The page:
Abstract: Motivated by the application of L\"uscher's finite volume method to the study of the lightest scalar resonance in the $\pi\pi \to \pi\pi$ isoscalar channel, in this article we describe our studies of multi-pion correlation functions computed using stochastic propagators in quenched lattice QCD, harnessing GPUs for acceleration. We consider two methods for constructing the correlation functions. One "outer product" approach becomes quite expensive at large lattice extent $L$, having an ${\cal O}(L^7)$ scaling. The other "stochastic operator" approach scales as ${\cal O}(N_r^2 L^4)$, where $N_r$ is the number of random sources. It would become more efficient if variance reduction techniques are used and the volume is fairly large. It is also found that correlations between stochastic propagators appearing in the same diagram, when a single set of random source vectors is used, lead to much larger errors than if separate random sources are used for each propagator. The calculations involve states with quantum numbers of the vacuum, so all-to-all propagators must be computed. For this reason, GPUs are ideally suited to accelerating the calculation. For this work we have integrated the Columbia Physics System (CPS) and QUDA GPU inversion library, in the case of clover fermions. Finally, we show that the completely quark disconnected diagram is crucial to the results, and that neglecting it would lead to answers which are far from the true value for the effective mass in this channel. This is unfortunate, because as we also show, this diagram has very large errors, and in fact dominates the error budget.
Code Optimization on Kepler GPUs and Xeon Phi  [PDF]
Yong-Chull Jang,Hwancheol Jeong,Jangho Kim,Weonjong Lee,Jeonghwan Pak,Yuree Chung
Computer Science , 2014,
Abstract: Kepler GTX Titan Black and Kepler Tesla K40 are still the best GPUs for high performance computing, although Maxwell GPUs such as GTX 980 are available in the market. Hence, we measure the performance of our lattice QCD codes using the Kepler GPUs. We also upgrade our code to use the latest CPS (Columbia Physics System) library along with the most recent QUDA (QCD CUDA) library for lattice QCD. These new libraries improve the performance of our conjugate gradient (CG) inverter so that it runs twice faster than before. We also investigate the performance of Xeon Phi 7120P coprocessor. It has similar computing power with the Kepler GPUs in principle. However, its performance for our CG code is significantly inferior to that of the GTX Titan Black GPUs at present.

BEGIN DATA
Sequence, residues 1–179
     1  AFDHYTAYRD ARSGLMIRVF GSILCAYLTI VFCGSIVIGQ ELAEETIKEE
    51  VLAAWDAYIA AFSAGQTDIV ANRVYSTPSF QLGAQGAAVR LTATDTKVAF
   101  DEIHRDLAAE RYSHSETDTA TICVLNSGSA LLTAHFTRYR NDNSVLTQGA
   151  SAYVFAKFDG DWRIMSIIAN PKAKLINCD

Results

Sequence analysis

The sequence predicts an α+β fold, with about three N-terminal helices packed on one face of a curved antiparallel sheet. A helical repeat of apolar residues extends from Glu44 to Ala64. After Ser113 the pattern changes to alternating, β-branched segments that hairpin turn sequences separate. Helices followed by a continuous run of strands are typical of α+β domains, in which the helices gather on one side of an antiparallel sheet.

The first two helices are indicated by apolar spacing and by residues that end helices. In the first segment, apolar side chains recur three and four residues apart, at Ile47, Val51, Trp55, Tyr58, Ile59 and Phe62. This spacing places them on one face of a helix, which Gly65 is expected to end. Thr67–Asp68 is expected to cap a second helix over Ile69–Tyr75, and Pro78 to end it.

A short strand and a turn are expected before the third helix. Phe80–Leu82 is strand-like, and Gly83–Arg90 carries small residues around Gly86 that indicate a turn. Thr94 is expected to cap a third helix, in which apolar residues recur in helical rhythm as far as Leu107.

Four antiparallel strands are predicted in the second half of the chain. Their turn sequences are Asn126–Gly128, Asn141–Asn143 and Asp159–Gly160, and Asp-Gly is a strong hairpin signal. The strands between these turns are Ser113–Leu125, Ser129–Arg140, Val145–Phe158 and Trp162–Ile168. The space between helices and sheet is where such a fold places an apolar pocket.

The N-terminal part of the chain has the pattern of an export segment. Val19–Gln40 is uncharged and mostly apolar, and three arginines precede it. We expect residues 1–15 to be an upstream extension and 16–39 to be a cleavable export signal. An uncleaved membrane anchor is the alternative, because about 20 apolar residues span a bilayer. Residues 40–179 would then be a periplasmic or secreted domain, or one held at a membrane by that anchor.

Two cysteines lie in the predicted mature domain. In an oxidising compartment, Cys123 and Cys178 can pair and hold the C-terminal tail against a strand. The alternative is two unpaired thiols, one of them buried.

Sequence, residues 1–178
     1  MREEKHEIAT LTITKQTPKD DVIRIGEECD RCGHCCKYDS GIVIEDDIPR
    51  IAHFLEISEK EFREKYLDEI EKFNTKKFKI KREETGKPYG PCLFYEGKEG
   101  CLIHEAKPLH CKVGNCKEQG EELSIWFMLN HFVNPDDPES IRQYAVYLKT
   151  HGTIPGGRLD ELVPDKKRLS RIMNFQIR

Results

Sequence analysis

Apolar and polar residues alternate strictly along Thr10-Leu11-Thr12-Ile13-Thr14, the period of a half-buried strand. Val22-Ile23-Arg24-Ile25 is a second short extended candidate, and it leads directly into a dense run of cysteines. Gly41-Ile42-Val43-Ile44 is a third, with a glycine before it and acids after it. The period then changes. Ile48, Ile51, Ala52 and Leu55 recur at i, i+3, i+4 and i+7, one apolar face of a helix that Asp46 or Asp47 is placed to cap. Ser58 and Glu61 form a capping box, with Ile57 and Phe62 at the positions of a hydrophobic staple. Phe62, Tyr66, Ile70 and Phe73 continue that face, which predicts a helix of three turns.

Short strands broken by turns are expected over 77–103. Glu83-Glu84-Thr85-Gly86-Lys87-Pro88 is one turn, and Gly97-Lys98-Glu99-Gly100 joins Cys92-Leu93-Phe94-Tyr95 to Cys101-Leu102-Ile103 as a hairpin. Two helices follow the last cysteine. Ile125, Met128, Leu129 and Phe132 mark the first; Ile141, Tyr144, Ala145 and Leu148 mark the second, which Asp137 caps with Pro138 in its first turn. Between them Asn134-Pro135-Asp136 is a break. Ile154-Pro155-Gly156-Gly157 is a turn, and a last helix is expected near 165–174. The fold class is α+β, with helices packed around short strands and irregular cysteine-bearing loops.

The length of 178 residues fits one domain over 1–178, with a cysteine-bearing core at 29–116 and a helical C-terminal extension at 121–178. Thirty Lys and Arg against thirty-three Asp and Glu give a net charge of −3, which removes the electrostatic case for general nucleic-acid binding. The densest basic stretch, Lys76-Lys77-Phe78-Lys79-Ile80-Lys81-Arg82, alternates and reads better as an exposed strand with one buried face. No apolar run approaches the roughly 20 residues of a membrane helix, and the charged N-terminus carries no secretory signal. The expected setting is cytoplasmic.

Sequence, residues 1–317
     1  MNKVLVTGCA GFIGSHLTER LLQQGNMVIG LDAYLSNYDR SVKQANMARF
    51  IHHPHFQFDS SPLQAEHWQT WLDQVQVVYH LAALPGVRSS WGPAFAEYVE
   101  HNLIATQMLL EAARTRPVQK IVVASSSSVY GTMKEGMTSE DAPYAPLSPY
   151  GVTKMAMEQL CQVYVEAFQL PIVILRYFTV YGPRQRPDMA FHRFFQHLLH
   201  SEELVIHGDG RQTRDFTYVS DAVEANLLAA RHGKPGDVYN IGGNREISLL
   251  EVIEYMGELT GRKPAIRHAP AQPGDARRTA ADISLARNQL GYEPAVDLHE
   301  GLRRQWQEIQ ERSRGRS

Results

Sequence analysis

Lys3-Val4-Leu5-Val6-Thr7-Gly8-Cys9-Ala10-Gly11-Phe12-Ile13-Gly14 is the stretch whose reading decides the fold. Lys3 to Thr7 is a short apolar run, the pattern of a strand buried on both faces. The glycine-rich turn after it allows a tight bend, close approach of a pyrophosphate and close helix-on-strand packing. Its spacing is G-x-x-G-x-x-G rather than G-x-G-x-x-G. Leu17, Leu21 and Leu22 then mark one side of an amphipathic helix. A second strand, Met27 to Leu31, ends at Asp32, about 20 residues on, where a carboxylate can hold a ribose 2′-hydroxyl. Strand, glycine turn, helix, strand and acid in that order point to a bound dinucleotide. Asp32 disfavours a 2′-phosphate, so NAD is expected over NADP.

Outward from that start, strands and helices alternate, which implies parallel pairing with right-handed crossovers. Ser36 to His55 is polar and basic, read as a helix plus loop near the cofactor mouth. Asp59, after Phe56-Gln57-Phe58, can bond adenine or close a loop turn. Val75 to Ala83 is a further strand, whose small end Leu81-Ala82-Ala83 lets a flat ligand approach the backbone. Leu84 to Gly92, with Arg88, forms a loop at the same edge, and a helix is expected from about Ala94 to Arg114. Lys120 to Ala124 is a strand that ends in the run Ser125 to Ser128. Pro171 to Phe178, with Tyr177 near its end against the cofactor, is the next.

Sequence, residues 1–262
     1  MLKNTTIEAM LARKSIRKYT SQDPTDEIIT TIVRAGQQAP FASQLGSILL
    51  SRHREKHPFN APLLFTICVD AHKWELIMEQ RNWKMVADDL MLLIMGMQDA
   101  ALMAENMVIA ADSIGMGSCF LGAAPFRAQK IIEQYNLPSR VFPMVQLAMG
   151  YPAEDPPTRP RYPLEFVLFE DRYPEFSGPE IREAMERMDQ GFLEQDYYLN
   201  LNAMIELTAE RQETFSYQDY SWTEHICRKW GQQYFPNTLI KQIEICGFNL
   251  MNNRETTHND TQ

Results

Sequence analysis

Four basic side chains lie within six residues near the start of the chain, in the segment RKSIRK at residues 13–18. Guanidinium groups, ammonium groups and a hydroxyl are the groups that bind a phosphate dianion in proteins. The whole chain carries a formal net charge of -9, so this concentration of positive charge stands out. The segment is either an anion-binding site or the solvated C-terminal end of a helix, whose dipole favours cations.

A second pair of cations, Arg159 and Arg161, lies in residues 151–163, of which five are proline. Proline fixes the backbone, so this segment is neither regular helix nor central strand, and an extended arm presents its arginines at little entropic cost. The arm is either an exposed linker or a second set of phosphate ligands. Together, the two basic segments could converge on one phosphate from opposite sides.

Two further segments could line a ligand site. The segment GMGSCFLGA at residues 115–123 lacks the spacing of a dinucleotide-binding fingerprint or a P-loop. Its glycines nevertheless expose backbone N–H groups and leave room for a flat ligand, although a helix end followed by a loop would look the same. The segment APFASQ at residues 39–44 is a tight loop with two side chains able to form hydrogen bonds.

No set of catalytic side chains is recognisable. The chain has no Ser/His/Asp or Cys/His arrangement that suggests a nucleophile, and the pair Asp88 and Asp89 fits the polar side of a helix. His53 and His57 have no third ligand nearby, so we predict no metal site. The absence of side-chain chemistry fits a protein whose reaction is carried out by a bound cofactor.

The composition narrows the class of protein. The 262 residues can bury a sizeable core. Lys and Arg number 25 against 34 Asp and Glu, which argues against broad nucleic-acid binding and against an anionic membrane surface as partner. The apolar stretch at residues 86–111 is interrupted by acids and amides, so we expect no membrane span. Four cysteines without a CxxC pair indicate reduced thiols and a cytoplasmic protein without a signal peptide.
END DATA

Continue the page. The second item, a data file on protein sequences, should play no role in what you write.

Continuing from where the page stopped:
Lattice studies of hadron physics with disconnected quark loops  [PDF]
Takashi Kaneko
Physics , 2010,
Abstract: Disconnected diagrams give crucial contributions to the physics of flavor singlet hadrons and to scalar form factors of non-singlet hadrons. Naive lattice calculation of the disconnected diagrams, however, requires a huge number of fermion matrix inversions and hence a prohibitively large computational cost. In this article, we present recent studies of the flavor-singelt meson spectrum and nucleon strange quark content using the all-to-all propagator to calculate the relevant disconnected diagrams.
Computation of disconnected contributions to nucleon observables  [PDF]
Constantia Alexandrou,Vincent Drach,Karl Jansen,Giannis Koutsou,Alejandro Vaquero
Physics , 2014,
Abstract: We compare several methods for computing disconnected fermion loops contributing to nucleon three-point functions. The comparison is carried out using one ensemble of $N_f=2+1+1$ twisted mass fermions with pion mass of 373 MeV. The complete set of operators up to one-derivative are examined by developing optimized code for mutli-GPUs. Simple guidelines are given as to the preferable method for each class of operators.
QUDA: A Direct Approach for Sparse Quadratic Discriminant Analysis  [PDF]
Binyan Jiang,Xiangyu Wang,Chenlei Leng
Statistics , 2015,
Abstract: Quadratic discriminant analysis (QDA) is a standard tool for classification due to its simplicity and flexibility. Because the number of its parameters scales quadratically with the number of the variables, QDA is not practical, however, when the dimensionality is relatively large. To address this, we propose a novel procedure named QUDA for QDA in analyzing high-dimensional data. Formulated in a simple and coherent framework, QUDA aims to directly estimate the key quantities in the Bayes discriminant function including quadratic interactions and a linear index of the variables for classification. Under appropriate sparsity assumptions, we establish consistency results for estimating the interactions and the linear index, and further demonstrate that the misclassification rate of our procedure converges to the optimal Bayes risk, even when the dimensionality is exponentially high with respect to the sample size. An efficient algorithm based on the alternating direction method of multipliers (ADMM) is developed for finding interactions, which is much faster than its competitor in the literature. The promising performance of QUDA is illustrated via extensive simulation studies and the analysis of two datasets.